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Linux Kernel Preparations For RISC-V Vector ISA Support

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  • Linux Kernel Preparations For RISC-V Vector ISA Support

    Phoronix: Linux Kernel Preparations For RISC-V Vector ISA Support

    While still a draft standard, support for the RISC-V "V" Vector Extension support for the Linux kernel is currently being prepared...

    http://www.phoronix.com/scan.php?pag...tor-Linux-Prep

  • #2
    Michael you need to fix your via link <a href="https://github.com/riscv/riscv-v-spec'>this GitHub repository</a> Single quote at the end of the href

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    • #3
      Seems you might have left out the end of the article there, Michael.
      "RISC-V Vector Extension can find the current draft specification via" ... and the article ends there.

      Edit: Thanks for fixing!
      Last edited by nottin; 01-06-2020, 07:58 AM.

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      • #4
        What are the vector extensions good for?
        What are they used for?
        Is this for graphics? cryptography?

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        • #5
          Originally posted by uid313 View Post
          What are the vector extensions good for?
          What are they used for?
          Is this for graphics? cryptography?
          They're for any applications that manipulate a large amount of data in the same manner, not just limited to graphics or cryptography, for example operating on a vector, array, matrix...
          Just another SIMD solution corresponding to SSE, AVX, Neon, AltiVec... in other architectures

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          • #6
            Originally posted by uid313 View Post
            What are the vector extensions good for?
            What are they used for?
            Is this for graphics? cryptography?
            The vector extension are the equivalent of these intruction sets:
            - X86/AMD64: MMX, SSE, SSE2, SSE3, SSE4, AVX, AVX2, etc...
            - ARM: Neon
            - PowerPC: Altivec
            - Cray: since the early 1970s

            The RISCV vector instructions are designed to be much more simple, compatible and flexible, while being powerful as designer want to spend in hardware/silicon.

            In Packed/SIMD set (like SSEs, AVXs) for each bit width and vector size you have a specific instruction.

            However in RISCV the programmer can set the registers VLEN/XLEN to the desired size and the hardware will adapt independent of size/throughput.

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            • #7
              Originally posted by phuclv View Post
              They're for any applications that manipulate a large amount of data in the same manner, not just limited to graphics or cryptography, for example operating on a vector, array, matrix...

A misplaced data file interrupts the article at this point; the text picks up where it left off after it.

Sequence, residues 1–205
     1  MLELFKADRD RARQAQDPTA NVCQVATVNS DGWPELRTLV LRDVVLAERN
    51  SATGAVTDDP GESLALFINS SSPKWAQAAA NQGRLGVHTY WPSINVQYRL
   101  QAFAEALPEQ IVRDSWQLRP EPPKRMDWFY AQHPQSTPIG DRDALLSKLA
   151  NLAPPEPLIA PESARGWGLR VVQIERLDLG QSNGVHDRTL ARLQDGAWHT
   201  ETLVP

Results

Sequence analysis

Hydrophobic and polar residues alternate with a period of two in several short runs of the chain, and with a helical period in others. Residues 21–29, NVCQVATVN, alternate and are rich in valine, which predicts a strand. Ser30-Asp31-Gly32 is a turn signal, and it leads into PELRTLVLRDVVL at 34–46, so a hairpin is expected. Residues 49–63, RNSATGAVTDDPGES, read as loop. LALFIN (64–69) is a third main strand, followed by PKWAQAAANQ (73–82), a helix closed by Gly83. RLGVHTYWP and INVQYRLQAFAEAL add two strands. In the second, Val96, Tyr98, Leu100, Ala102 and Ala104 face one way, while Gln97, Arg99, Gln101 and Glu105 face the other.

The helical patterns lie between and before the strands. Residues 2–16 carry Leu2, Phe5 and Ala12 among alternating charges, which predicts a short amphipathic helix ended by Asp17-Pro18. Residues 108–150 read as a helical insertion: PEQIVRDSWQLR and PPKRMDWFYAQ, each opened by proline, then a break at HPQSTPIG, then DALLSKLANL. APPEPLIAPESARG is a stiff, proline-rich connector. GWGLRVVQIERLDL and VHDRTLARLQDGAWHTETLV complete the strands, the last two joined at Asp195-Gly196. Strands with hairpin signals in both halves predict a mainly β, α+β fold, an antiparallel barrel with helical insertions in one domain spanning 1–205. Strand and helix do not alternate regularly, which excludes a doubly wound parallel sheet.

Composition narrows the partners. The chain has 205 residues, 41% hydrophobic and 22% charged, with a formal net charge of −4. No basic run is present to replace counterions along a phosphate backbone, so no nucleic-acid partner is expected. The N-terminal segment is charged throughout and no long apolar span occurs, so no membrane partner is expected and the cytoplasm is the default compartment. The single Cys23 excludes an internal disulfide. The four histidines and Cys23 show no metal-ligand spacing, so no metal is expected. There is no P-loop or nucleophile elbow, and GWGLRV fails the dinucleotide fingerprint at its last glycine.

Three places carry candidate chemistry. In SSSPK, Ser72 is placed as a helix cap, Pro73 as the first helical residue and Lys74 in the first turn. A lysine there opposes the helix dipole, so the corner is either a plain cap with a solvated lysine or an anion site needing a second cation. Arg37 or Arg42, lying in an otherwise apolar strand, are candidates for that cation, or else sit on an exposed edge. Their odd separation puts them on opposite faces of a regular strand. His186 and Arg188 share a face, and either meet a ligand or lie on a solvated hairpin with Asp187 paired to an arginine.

Just another SIMD solution corresponding to SSE, AVX, Neon, AltiVec... in other architectures
              It's not exactly SIMD, it's more similar to old Cray vectors, or SVE (on ARM).
              The nice thing about it is that you can run the same code with good performance on a wide range of sizes of vector processor. One of the pain points of SIMD is that every time you want to build a wider vector unit, you need to add new instructions to support it, and you can't as effectively mix older and newer vector code. With RISC-V vectors, you can implement small (but still useful) vector units for area- or cost-constrained devices, and run mostly or entirely the same vector code that you do on massive workstation CPUs, and it will be able to take advantage of the wider units (if your code has that degree of inherent parallelism).

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              • #8
                Originally posted by uid313 View Post
                What are the vector extensions good for?
                What are they used for?
                Is this for graphics? cryptography?
                Definitely useful for graphics, and for cryptography. For example, you could implement ChaCha20 as a pipeline in this, fairly simply I think. The more crypto-oriented extensions under consideration right now are implemented as extensions to the vector extension.
                Last edited by microcode; 01-06-2020, 12:54 PM.

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                • #9
                  Can this be used for a iGPU (integrated GPU) on a RISC-V CPU?
                  Also will this be used by those RISC-V GPU projects mentioned on Phoronix?

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                  • #10
                    Originally posted by uid313 View Post
                    Can this be used for a iGPU (integrated GPU) on a RISC-V CPU?
                    Also will this be used by those RISC-V GPU projects mentioned on Phoronix?
                    Well, I think the core idea of RISC-V GPU was to add a bunch of special graphics instructions and roll with it.

                    The problem imho is that modern (I)GPUs are pretty powerful, typically use SIMT (pushing multiple threads through SIMD units), have hardware schedulers etc. A CPU with graphics extensions can not compete with that.

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